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Before a house is foreclosed on, vacated and becomes a REO listing it is considered a pre-foreclosure. Pre-Foreclosures are historically bad investments for a number of different reasons:

  1. Home Owners don't Normally Leave the House in Good Condition

    Not all houses are voluntarily vacated by the occupant and this is not always an easy task. People who have lost everything are not generally amenable to the eviction process. They often blame the bank and take out their aggression on the home itself. Tearing up carpet, walls, stealing appliances and even copper piping is not uncommon in pre foreclosures.

    If in fact you are forced as the new owner to perform the eviction process; in some parts of the country this can be performed in days and in others it can take months. Imagine evicting a single mother with children around Christmas? It is not easy when the woman shows up to court with the kids and its snowing outside. Meanwhile you are still paying their mortgage.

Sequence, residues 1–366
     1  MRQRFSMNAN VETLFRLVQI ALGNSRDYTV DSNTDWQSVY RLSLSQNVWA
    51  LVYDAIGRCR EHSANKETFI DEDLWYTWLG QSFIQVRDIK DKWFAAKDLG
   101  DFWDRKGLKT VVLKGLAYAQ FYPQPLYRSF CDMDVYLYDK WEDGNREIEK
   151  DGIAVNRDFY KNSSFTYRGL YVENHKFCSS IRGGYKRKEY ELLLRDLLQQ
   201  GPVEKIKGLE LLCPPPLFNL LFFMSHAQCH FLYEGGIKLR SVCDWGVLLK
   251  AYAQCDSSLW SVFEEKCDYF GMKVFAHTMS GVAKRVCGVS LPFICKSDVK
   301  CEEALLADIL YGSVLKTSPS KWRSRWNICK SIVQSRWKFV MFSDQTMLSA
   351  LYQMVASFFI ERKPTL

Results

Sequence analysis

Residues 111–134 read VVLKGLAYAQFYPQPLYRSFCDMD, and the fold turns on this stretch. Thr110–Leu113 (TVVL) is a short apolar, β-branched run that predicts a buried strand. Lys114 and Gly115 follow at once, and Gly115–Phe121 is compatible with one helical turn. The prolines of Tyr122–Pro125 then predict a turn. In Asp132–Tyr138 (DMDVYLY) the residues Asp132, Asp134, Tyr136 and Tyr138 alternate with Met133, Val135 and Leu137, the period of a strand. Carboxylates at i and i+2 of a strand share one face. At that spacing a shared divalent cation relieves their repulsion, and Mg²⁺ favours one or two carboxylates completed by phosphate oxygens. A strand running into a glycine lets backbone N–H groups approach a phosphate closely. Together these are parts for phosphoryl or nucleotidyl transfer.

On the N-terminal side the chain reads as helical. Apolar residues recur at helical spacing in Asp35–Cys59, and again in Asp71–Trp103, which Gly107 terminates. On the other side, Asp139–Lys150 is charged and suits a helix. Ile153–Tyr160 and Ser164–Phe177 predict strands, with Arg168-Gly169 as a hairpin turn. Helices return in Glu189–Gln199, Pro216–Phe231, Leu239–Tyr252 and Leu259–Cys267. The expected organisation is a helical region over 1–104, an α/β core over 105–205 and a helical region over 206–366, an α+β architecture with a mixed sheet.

2. Pre Foreclosures are Difficult to Inspect

    Because the home owner still lives in the house it usually cannot be inspected until after you take possession. This means the people who have been foreclosed on will look at you as the bad guy and are not very helpful in your pursuit of profits.

  3. The House doesn't Go To Foreclosure

    More often than not the house doesn't go all the way to foreclosure. The current owner can file bankruptcy and hold off the foreclosure process. This means that your efforts and information gathering are wasted.

  4. Lender Normally Retains Ownership

    If the house does eventually go to foreclosure the lender can retain ownership by bidding on the home. This insures that they don't sustain any more losses. This decision will nullify your bid and again you will have wasted a great deal of time in research and preparation for an auction that will not be on an even playing field.

  5. Unpaid HOA Fees become Your Responsibility

    Any unpaid homeowners association fees become the responsibility of you, the new owner. The same is true with condo fees and many times tax and mechanics liens. this means that you are bidding in the blind and your potential profits are reduced based upon information that you find out only after  you own the house.

When the house is bought back by the bank, it is finally considered a REO listing and becomes part of the inventory of the bank/lender. This is when it is the most effective to spend your efforts on making a purchase of the property. Every once in a great while lightening will strike but it is rare and not a wise use of time in the long run.

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